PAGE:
Follow Through: Four important levels when using

Follow Through:
Four important levels when using
Alfred Ojelel, PhD
([email protected])
Alpha Secondary School
BCAMT Conference, October 21, 2011
Consider this sequence . . .
Head down
Knees bent
Keep your arms straight
Follow through
We’ve all heard it
but it is doing it
that matters!
The objective of this sequence in a golf swing of any shape,
clearly, is to consistently get the golf ball airborne.
• Any tangible object, tool, model, or mechanism
that may be used to clearly demonstrate
(introduce, practice, or remediate) a depth of
understanding, while problem solving, about a
specified mathematical concept or concepts.
• We find manipulatives in most classrooms now:
buckets of pattern blocks;
trays of tiles and cubes; and
collections of geoboards, tangrams, counters,
spinners . . .
• They are being touted as a way to help students
learn math more easily.
But many teachers still ask . . .
• Are manipulatives a fad, a craze, a rage?
• How do I fit them into my instruction?
• How often should I use manipulatives?
• How do I make sure students see them as
learning tools, not toys?
• Are they useful for upper-grade students, too?
Why are manipulatives important?
• Research based studies show that, with
manipulatives, students:
– develop more precise and more comprehensive
mental representations,
– often show more motivation and on-task behaviour,
– understand mathematical ideas, and better apply
these ideas to life situations.
• According to learning theory (based on Jean Piaget's
research), children are active learners who master
concepts by progressing through three levels of
knowledge :
– concrete,
– pictorial, and
– symbolic.
• Piaget (1965) approached the construction of
knowledge through questioning and building on
learner’s answers while they constructed
• Vygotsky (1962) felt that learners could be guided to
stronger mathematical understandings as they
progressively analyzed complex skills on their own
with the teacher nearby to scaffold or facilitate as
We can deduce then that . . .
• Manipulatives enable students to explore
concepts at the concrete level of understanding.
• When students manipulate objects, they are
taking the necessary first steps toward building
understanding and internalizing math processes
and procedures.
• For a learner to understand and handle a
concept at the abstract or symbolic level
successfully, he or she must first understand
the concept at the other two levels, in the
order given - concrete then pictorial.
• When students demonstrate understanding at
the concrete level then they are ready to move
to the next level.
• They can then apply their knowledge using
representations of the objects in place of the
objects themselves.
Concrete to Concrete exploration
• Instruction proceeds through a sequence with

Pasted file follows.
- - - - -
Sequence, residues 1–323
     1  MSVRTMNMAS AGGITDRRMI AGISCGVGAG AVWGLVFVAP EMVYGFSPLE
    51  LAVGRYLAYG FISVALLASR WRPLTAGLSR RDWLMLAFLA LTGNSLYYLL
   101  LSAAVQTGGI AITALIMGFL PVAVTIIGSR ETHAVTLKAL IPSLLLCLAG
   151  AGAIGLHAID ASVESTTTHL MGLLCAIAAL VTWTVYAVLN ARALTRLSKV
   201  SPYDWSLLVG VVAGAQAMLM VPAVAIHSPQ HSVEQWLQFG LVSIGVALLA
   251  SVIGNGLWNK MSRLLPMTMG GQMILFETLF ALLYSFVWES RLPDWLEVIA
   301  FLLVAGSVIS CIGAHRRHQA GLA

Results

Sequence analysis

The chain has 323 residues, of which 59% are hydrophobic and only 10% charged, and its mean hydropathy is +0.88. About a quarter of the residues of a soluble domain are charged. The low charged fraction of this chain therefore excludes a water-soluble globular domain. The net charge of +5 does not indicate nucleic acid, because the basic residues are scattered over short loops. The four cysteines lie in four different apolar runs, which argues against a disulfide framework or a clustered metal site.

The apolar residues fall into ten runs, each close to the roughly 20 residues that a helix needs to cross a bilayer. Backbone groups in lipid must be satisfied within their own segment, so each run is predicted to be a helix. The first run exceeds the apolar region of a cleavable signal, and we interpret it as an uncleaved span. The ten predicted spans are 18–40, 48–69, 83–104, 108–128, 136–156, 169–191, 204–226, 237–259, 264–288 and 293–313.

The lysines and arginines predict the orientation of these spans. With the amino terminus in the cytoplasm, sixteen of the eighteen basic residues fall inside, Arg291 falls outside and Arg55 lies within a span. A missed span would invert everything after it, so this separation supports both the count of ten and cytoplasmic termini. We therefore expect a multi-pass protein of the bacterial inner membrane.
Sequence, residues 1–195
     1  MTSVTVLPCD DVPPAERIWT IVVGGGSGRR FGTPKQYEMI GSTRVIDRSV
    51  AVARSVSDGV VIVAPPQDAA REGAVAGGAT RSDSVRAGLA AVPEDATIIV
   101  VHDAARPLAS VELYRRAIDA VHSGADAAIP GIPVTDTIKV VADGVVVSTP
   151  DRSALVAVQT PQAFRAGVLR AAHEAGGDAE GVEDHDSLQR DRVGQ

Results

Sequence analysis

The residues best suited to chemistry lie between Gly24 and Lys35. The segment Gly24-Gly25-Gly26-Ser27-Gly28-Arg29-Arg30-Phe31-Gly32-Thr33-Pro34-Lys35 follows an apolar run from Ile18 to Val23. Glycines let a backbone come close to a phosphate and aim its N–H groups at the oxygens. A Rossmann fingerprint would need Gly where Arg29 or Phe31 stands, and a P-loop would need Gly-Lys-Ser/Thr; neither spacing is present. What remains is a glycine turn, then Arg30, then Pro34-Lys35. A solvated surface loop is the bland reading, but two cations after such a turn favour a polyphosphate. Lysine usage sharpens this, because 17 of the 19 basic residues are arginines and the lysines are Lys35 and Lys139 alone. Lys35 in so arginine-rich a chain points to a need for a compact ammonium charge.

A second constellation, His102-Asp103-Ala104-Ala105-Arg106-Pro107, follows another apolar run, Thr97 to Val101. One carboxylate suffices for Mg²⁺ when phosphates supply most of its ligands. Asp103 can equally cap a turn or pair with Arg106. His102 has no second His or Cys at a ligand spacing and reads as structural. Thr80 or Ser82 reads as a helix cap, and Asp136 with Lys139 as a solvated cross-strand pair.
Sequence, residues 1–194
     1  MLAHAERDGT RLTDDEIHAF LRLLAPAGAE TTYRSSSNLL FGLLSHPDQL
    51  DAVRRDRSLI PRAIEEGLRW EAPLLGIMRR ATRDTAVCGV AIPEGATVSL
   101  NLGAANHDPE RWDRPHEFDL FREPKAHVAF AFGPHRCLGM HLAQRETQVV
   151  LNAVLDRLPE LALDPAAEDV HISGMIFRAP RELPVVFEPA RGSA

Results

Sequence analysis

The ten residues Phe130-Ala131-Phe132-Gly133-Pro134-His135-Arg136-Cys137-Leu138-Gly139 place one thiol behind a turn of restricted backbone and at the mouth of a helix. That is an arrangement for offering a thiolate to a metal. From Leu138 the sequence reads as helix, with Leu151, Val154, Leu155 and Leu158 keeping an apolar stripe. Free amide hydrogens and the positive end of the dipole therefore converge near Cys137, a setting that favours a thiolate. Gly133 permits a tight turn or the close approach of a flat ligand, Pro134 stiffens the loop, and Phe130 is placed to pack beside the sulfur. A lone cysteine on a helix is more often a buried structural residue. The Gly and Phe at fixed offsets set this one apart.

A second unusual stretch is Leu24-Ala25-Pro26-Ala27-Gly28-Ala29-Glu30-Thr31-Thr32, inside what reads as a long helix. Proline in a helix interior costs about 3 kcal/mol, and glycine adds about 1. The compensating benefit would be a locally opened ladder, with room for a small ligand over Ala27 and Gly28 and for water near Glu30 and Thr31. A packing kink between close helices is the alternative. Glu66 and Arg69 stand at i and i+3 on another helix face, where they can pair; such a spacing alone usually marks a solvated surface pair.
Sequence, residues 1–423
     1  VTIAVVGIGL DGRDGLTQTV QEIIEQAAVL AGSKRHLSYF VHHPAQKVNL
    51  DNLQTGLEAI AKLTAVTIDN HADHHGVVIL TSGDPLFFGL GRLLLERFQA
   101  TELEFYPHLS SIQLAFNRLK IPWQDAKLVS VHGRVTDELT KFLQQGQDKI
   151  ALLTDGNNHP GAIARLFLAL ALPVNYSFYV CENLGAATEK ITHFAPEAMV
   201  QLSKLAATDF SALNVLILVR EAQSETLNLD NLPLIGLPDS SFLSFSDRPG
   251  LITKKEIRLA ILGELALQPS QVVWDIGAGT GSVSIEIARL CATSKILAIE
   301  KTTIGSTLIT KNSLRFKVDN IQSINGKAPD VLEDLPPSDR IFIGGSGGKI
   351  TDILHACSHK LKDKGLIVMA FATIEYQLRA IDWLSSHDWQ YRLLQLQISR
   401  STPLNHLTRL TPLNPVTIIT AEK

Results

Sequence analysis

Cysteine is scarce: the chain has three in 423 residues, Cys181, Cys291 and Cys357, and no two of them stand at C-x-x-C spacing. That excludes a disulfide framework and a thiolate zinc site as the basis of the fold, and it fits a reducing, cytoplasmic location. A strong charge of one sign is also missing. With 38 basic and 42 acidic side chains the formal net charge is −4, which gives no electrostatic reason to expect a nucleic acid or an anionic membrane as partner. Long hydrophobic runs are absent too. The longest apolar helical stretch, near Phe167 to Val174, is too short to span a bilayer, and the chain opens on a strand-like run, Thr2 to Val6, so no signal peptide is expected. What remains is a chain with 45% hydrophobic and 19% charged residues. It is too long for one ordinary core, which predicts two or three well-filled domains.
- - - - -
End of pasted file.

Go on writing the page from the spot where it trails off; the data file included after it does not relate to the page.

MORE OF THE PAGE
each concept first modeled with concrete
materials e.g. red and yellow chips.
• The materials by themselves are not enough.
Teacher guidance is essential.
– How did you make this model?
– What did you show?
• We should try to "get inside students' heads" as they
work with concrete materials to solve a problem by
asking questions that elicit their thinking and
– To can get a better sense of what students know
and don't know,
– To identify alternate conceptions, thereby
– To develop a basis for intervention strategies.
Concrete to Abstract
Abstract to Concrete
• The concept is modeled at the semi-concrete level
which may involve drawing pictures that represent
concrete objects e.g. circles, dots, tallies, . . .
– Could you draw this model?
– How did you do that?
– What did you draw to show groups?
– How did you group these?
• This representational level affords learners
multiple opportunities to construct mathematical
knowledge while making reasonable connections
to everyday tasks.
• This is the essence of tool- and problem-based
teaching and learning.
• This level is the real bridge between the concrete
and abstract.
Abstract to Abstract
• Here the concept is modeled at the abstract
(symbolic) level using only numbers, notation,
and mathematical symbols
– What numbers, operations, expressions . . . did you
use to show this problem?
– Is this answer a reasonable number?
Follow the sequence through . . .
How can we make this happen?
1. Clearly set and maintain behaviour standards
for manipulatives.
2. Clearly state and set the purpose of the
manipulative within the mathematics lesson.
3. Facilitate cooperative and partner work to
enhance mathematics language development.
4. Allow students an introductory timeframe for free
5. Model manipulatives clearly and often.
6. Incorporate a variety of ways to use each
7. Support and respect manipulative use by all
8. Make manipulatives available and accessible.
9. Support risk-taking and inventiveness in both
students and colleagues.
10.Establish a performance-based assessment
Example of exploration sequence
Thank you.
Comments, suggestions, questions may be directed to
[email protected]

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